A ground-breaking clinical trial has been launched in Cardiff to help prevent and manage the chronic autoimmune disease Type 1 diabetes.
The Clinical Research Facility (CRF) at Cardiff and Vale University Health Board (UHB) has dosed the first patient in the world with the new investigational drug. The drug aims to help the regrowth of insulin making ‘beta’ cells of the pancreas, which are lost in patients living with the disease. Despite being an early phase trial, the CRF has now dosed two patients with this new drug.
Type 1 diabetes is a serious, lifelong condition where blood glucose levels are too high because the body cannot make a hormone called insulin. Those with Type 1 diabetes are dependent on insulin but if this clinical trial works, the regrowth - or regeneration - of beta cells may mean those with Type 1 diabetes becoming far less dependent on insulin injections. The benefits of the new drug would reduce lifelong conditions and complications associated with the chronic disease.
Patients who have taken part in the trial so far have spoken very highly of the treatment and the overall experience they have received at Cardiff and Vale UHB. The first patient to receive the dose said; “I’m really grateful that I was given the opportunity to take part in this study. I hope that my participation will help with the management of Type 1 diabetes for future generations.”
So far, the drug appears to have had no major side-effects, but it is too early to say if it has been effective. Cardiff’s CRF team are hoping to attract up to eight adult volunteers to take part in the clinical trial who have had diabetes for more than two years.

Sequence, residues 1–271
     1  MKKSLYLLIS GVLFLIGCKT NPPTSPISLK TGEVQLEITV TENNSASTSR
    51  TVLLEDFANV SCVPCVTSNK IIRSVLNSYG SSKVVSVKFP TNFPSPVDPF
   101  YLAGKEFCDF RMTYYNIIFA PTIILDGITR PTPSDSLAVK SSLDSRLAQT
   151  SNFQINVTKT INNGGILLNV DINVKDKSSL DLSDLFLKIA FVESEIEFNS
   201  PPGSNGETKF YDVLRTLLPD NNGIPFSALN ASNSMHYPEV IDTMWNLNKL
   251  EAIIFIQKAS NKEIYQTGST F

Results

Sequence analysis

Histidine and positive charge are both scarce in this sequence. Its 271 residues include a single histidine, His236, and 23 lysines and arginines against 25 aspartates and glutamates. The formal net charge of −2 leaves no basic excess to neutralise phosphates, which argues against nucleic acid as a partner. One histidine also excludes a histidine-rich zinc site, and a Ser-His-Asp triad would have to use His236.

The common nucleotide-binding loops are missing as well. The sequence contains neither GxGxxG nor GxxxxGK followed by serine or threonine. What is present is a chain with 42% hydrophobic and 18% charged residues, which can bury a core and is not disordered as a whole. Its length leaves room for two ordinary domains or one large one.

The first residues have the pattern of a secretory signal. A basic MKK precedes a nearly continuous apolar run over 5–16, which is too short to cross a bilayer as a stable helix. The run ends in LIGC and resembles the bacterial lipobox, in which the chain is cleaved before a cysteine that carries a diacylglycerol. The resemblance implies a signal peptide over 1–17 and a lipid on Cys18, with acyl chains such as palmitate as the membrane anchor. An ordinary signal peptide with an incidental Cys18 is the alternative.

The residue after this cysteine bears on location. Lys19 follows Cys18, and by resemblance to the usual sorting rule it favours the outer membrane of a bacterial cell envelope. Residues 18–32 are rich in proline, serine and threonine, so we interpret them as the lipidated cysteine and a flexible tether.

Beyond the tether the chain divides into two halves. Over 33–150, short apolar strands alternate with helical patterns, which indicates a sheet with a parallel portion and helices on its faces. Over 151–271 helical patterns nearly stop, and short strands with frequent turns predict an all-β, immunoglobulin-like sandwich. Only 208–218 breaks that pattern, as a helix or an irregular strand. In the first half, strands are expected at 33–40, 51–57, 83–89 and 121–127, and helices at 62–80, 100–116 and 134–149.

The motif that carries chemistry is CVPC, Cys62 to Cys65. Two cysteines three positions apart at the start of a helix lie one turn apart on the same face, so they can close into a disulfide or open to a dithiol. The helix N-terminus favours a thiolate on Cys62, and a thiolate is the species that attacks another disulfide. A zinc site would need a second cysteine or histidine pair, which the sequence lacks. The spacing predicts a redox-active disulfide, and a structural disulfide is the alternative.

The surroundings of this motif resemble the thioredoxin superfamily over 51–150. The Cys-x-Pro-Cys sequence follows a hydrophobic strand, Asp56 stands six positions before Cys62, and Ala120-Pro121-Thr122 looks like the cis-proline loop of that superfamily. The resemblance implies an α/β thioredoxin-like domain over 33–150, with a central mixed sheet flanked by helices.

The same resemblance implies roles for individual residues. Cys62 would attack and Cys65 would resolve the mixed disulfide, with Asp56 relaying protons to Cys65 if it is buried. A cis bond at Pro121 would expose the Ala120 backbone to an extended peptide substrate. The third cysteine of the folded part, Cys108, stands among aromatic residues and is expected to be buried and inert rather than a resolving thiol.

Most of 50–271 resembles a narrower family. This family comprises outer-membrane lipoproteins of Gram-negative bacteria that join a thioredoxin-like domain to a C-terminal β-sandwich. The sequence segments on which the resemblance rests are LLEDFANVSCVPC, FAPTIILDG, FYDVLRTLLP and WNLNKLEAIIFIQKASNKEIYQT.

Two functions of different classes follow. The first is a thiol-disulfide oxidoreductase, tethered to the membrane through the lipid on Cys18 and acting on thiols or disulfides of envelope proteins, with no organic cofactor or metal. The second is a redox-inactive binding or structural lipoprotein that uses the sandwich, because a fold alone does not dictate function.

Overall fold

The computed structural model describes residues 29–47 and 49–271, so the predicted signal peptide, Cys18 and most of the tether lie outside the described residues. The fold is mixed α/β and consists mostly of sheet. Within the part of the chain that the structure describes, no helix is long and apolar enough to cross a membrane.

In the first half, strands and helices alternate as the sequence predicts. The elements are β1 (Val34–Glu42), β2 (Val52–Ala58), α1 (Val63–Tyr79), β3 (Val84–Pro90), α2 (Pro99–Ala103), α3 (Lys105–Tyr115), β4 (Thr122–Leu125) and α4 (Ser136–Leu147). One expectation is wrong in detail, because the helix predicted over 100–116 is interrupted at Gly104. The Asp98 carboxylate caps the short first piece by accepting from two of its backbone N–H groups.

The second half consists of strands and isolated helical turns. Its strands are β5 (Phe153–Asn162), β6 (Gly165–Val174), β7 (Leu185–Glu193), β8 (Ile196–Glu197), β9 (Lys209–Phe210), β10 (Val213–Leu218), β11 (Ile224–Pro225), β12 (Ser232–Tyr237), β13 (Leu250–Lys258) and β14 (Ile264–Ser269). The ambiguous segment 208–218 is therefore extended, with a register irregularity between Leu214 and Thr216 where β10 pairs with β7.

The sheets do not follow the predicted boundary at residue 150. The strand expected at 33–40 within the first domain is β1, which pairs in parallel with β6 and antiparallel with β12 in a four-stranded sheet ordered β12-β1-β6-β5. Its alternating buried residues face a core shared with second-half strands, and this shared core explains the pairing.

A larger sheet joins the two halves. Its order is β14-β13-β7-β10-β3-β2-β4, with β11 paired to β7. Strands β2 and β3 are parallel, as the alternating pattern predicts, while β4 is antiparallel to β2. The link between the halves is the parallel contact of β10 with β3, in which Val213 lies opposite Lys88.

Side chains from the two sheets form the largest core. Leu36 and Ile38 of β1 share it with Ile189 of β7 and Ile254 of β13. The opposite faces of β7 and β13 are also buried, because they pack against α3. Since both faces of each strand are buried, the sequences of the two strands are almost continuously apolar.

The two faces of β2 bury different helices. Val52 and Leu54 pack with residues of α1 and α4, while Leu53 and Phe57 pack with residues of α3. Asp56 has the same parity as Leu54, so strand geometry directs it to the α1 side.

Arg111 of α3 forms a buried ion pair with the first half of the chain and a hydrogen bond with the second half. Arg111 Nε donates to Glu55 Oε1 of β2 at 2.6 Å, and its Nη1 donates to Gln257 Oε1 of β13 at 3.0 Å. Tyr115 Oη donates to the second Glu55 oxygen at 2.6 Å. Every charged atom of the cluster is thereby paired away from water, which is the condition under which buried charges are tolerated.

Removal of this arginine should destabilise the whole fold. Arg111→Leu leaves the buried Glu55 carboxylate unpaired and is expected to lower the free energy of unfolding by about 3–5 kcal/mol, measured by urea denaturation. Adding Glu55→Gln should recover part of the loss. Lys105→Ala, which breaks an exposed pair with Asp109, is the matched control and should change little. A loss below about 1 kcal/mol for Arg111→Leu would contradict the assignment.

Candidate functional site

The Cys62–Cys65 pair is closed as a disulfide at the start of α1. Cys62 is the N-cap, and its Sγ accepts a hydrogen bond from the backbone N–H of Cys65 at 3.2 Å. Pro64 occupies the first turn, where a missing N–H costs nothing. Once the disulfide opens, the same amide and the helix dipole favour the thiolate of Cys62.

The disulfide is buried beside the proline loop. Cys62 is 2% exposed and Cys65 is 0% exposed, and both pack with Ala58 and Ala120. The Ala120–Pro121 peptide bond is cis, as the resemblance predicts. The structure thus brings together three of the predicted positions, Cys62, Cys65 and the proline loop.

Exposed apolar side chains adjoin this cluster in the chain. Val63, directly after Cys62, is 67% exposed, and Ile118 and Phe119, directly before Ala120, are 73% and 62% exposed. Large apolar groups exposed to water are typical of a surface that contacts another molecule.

Dr Mohammad Alhadj Ali, who is the sub investigator working on the study in Cardiff said: “despite everything achieved in diabetes care, advances in prevention haven’t really occurred. More insulin-producing beta cells are needed for those with this form of diabetes and it is estimated that 90% of patients with Type 1 diabetes have less than 5% of insulin making cells left.”
Professor Dayan, who is leading the team in Cardiff said, “the CRF team have made it possible to closely monitor the patients for 72 hours after their dose and I am proud of the team for their commitment in making sure this clinical trial happens as smoothly as possible.”
Dr Graham Shortland, medical director at Cardiff and Vale UHB said: “Cardiff and Vale UHB is committed to being a leading organisation for Research and Development in Wales, the United Kingdom and wider. This development demonstrates their commitment and the exciting work being done in our dedicated Clinical Research Facility and Cardiff and Vale more generally.”
The results of this innovative trial in diabetes treatment could be ground-breaking and is part of a wider programme of studies to preserve and regrow the insulin making cells in Type 1 diabetes being pursued by the Cardiff team, with trials in both adults and children.
Carys Thomas, interim director of Health and Care Research Wales, said: “developing new treatment options for patients living with diabetes is a top priority for Health and Care Research Wales. It is essential that the NHS works closely with the pharmaceutical industry on research like this to develop drugs that could make a big difference to people’s lives.
“The Clinical Research Facility in Cardiff is not only leading the way in this ground-breaking study but the team’s hard work also shows that Wales is competing successfully on an international level to attract global pharmaceutical companies and commercial investment. It will also pave the way to bring more high quality research into Wales, which could help treat other conditions.”
For more information and to get involved, please visit www.type1diabetesresearch.org.uk